It's a day that I know is coming soon but I'm trying not to think about, because it makes me sad. It's a day that I can't imagine the consequences of. It's a day that Alice Ozma's Dad in the first chapter of her book, The Reading Promise refers to as the Curse of Mr Henshaw (You'll need to read the book to discover why...). (Read an excerpt from the book now, but it won't explain the curse.)
It is the day that I have to stop read aloud to my daughter.
And like Alices Dad, I don't want to stop reading aloud to my daughter, because reading aloud to my daughter is what I do best.
And I don't want to stop.
Our day is filled with read-aloud opportunities. We have family read-alouds; bedtime read-alouds; free read-alouds; school read-alouds. We even have read-alouds that she reads to me. Despite the fact that they make my voice so hoarse and scratchy that I can barely talk, I love them all. I don't want to miss a single page of a single book. And I don't want to miss a single minute of the time we spend together in reading them. Although we are not slaves to a routine, each of these has its own special place and its own special traditions. Family read-alouds are in the car. Bedtime read-alouds include huggle-time, and lots of time to talk over our day. Free read-alouds are on the kitchen sofa. Mostly. These are the most variable, probably. School read-alouds happen in the sitting room by the fire in winter and in the kitchen or outside on the deck in warm weather. Almost every single day we spend time reading together. And we love it so.
So far, the only books I've 'allowed' Jemimah to read alone are ones we've already read, or books I'm not interested in, and there are relatively few of those - the 3rd and 4th of the Boxcar Children series; the later Ramona books by Beverley Cleary; The Clarice Bean books by Lauren Child; the second two books of The Fleurville Trilogy by Sophie, comtesse de Ségur. I let her read the third of Elizabeth Enright's Melendy Quartet in a moment of insanity, and have been trying to find time to catch her up ever since. Likewise Harriet the Spy by Louise Fitzhugh and Speedy by Colin Thiele. Why was I silly enough to let her read those without me?
Can you see my problem?
See, I can't even bear her to read her school texts without me. Well? Would you if they included Robinson Crusoe and Kidnapped and The Family at Misrule and Mates at Billabong and James Cook, Royal Navy by George Finkel and Bennelong by Joan Phipson? Could you leave her to read these alone? Now I am not entirely a failure. I do allow her to read It Couldn't Just Happen by Lawrence Richards and George Washington's World by Joanna Foster, but this is only because I so far manage to pre-read these each day before her so that when she comes to me to narrate I can discuss knowledgeably with her what she has learned. (Of course that's the reason!) She reads her read-aloud to me too...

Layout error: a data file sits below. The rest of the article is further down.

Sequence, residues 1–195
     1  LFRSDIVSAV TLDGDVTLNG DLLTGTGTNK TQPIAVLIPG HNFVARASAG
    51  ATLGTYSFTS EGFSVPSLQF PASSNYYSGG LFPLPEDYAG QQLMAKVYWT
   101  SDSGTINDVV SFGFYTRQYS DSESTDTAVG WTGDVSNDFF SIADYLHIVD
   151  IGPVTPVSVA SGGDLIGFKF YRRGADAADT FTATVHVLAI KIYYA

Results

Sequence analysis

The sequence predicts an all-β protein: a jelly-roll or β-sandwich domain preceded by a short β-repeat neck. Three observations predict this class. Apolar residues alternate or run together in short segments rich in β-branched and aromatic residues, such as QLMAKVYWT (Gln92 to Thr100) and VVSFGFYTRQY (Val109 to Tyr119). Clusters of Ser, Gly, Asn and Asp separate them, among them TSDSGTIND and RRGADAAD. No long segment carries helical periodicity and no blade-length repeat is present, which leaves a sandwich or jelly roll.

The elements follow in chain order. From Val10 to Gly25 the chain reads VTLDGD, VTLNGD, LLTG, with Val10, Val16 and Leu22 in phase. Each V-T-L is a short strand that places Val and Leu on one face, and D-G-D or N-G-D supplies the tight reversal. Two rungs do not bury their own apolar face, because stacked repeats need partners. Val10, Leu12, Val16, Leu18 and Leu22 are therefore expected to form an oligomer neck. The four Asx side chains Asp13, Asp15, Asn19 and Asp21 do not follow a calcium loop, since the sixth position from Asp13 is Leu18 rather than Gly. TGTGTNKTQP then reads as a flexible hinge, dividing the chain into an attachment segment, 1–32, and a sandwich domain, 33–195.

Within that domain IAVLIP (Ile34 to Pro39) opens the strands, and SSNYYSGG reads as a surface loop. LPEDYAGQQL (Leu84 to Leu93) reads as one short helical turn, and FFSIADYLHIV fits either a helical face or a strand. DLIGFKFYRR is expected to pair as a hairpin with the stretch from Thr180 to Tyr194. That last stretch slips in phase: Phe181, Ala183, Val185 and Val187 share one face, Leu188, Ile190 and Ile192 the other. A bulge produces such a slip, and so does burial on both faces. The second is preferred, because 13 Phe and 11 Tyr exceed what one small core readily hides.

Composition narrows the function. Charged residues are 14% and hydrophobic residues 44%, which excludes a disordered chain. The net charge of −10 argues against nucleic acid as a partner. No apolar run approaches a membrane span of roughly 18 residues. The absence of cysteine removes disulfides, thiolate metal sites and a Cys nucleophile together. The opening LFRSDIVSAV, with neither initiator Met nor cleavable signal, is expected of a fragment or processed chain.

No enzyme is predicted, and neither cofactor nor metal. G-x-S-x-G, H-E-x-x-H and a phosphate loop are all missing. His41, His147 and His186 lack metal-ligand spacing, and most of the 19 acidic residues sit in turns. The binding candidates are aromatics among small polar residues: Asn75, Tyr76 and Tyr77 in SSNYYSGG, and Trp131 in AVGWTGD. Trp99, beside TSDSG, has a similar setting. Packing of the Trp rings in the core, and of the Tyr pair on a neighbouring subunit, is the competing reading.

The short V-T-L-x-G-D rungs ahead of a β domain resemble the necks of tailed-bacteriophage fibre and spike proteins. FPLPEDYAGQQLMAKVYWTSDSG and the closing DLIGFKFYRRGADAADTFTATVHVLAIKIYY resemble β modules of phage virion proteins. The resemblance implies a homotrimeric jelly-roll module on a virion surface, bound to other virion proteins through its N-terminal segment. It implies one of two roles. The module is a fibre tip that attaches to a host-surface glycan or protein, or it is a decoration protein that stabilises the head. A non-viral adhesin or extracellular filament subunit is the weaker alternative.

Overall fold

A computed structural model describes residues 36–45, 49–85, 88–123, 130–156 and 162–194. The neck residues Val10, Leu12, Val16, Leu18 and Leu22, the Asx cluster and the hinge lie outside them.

The day that this delightful state of affairs must end is looming large. While I hope that like Alice's Dad I am able to continue nighttime reading aloud to Jemimah for many many years yet, this selfish habit of mine has to stop. And soon.
Here's what Charlotte Mason has to say:
The most common and the monstrous defect in the education of the day is that children fail to acquire the habit of reading. Knowledge is conveyed to them by lessons and talk, but the studious habit of using books as a means of interest and delight is not acquired. This habit should be begun early; so soon as the child can read at all, he should read for himself, and to himself, history, legends, fairy tales, and other suitable matter. He should be trained from the first to think that one reading of any lesson is enough to enable him to narrate what he has read, and will thus get the habit of slow, careful reading, intelligent even when it is silent, because he reads with an eye to the full meaning of every clause...Now I am quite capable of ignoring the well-meaning advice of others if I don't think it applies to me and my situation, but I'm afraid Miss Mason has hit the nail on the head here. Doesn't she always? (Wry grin.) These words resonate with me, and I know she is right! And I don't want my daughter to shirk the labour of reading for herself. I don't!
...It is a delight to older people to read aloud to children, but this should be only an occasional treat and indulgence, allowed before bedtime, for example. We must remember the natural inertness of a child's mind; give him the habit of being read to, and he will steadily shirk the labour of reading for himself; indeed, we all like to be spoon-fed with our intellectual meat, or we should read and think more for ourselves and be less eager to run after lectures.
Charlotte Mason Home Education p 227 (emphasis mine)
So far, Jemimah does read. And so far she loves to read. I like to think both her parents have been a good role models there. But I can also see that soon I must pass the responsibility of reading over to her, and hang onto only the vestiges of this wonderful time for myself. It makes me want to cry, writing that.
Alice and her Dad's Reading Streak lasted an amazing 3218 nights. That's consecutive nights of reading. It was a wonderful time of togetherness for this Dad and his daughter. The streak was okay because it was only a bedtime read. Sometimes it was only ten minutes long. It's what I need to aim for: One or two read-alouds a day.
One day soon it is going to happen.
But not now.
Today I'm just going to pretend that everything is okay.
Because it is. Right now.
I'm currently reading The Reading Promise. Not aloud. To myself. I recommend it. Which is not surprising. You know I love books about books.
You can learn more about it here.
Alice's blog is here.
Do you like reading aloud as much as I do?
Maybe I'm ill.
Do I need psychological help?